LASIK (short for “laser-assisted in situ keratomileusis”) is the most commonly performed refractive eye surgery. Why is it so popular? Mostly because patients experience quick healing with minimal discomfort, and because most patients are seeing well even the very next day. LASIK surgery, by definition, involves the creation of a flap of corneal tissue. This flap is then folded back, an excimer laser is applied to the cornea to reshape it, and then the flap is put back into place where is heals without stitches.
For years, the microkeratome has been the standard in flap creation. We at King LASIK have done thousands of surgeries using a microkeratome, and are very confident in the ability of the microkeratome to produce great flaps with excellent visual results.
Advantages of Intralase
In recent years, a new technology called Intralase has become available, in which a laser is used to create the flap. After years of study and careful consideration, we have decided to incorporate the Intralase into our practice.
The most important advantage of the Intralase is the ability to create very thin flaps, for patients with thin corneas and high prescriptions. In some cases this allows us to perform surgery on patients who previously would have otherwise not been able to do LASIK. The ability to customize the depth of the flap to each specific patient is advantageous.
Also, the most common flap problem with microkeratome-created flaps, a short flap, has been virtually eliminated. A short flap (or incomplete flap) happens most commonly when suction is lost during the flap creation process. This happens in less than 1% of cases. If this happens, surgery must be deferred for three months. This is often disappointing for patients who were excited to have LASIK and now must wait to enjoy their new vision. With the Intralase, instead of having to wait three months to create a new flap, we can create a new flap in a few minutes.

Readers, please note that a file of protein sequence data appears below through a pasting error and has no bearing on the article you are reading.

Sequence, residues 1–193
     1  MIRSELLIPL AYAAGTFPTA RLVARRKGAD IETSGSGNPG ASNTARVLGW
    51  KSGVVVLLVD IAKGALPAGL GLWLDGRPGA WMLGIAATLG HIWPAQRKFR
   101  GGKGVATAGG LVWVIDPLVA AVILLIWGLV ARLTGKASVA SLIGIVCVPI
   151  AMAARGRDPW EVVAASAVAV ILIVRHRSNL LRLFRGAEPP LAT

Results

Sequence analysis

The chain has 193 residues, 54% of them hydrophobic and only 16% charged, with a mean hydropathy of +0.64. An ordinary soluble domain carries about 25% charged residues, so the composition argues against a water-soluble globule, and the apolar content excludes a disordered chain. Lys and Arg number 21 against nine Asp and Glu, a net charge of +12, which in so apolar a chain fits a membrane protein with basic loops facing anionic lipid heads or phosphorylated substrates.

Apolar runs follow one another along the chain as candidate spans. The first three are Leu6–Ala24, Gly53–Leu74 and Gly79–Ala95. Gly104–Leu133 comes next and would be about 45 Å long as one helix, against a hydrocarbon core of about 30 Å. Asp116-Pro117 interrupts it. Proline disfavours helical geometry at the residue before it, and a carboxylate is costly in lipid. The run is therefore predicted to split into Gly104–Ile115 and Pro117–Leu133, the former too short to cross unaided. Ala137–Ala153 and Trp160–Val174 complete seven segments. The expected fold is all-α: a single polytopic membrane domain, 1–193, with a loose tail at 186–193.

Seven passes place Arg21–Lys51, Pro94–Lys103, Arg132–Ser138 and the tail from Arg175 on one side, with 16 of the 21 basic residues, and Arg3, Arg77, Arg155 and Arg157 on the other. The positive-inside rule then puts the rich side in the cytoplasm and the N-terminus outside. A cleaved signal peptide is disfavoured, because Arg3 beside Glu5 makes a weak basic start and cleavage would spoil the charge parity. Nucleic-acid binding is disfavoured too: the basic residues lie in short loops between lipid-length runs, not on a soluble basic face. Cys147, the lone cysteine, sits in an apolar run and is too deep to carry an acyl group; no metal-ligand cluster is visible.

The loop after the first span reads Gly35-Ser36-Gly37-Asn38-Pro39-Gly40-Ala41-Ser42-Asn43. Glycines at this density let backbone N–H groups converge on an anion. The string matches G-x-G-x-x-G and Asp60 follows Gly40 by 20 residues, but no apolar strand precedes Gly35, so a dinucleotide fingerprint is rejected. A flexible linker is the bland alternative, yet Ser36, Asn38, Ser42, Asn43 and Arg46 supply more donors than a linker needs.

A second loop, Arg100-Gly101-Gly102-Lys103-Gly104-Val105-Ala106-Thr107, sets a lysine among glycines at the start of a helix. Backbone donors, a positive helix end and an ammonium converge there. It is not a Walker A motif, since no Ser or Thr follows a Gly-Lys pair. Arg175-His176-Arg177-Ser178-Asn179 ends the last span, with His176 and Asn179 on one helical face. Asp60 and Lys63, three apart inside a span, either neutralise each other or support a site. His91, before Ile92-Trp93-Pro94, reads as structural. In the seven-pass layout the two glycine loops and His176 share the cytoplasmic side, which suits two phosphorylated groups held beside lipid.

We are comfortable using both the microkeratome and the Intralase to create flaps for LASIK surgery. If we thought the microkeratome wasn’t a good instrument, we would discontinue using it. (We have previously discontinued using excimer lasers that become obsolete.)
But while both methods to create the flap are good, we do feel there is slightly less risk in flap creation using the Intralase. There is an additional fee to use the Intralase. If this cost represents a barrier to undergoing the surgery, the microkeratome is still a great option. But in patients who can afford the extra cost, we feel it is worth it to use the Intralase to create safer flaps.
Learn More about Intralase
We are comfortable using both the microkeratome and the Intralase to create flaps for LASIK surgery. If we thought the microkeratome wasn’t a good instrument, we would discontinue using it. (We have previously discontinued using excimer lasers that become obsolete.) To learn more about laser vision correction options, we encourage you to contact our practice today at 425-525-1000. Dr. Joseph King and his experienced medical staff are happy to answer your questions and help you make the decision that is best for you.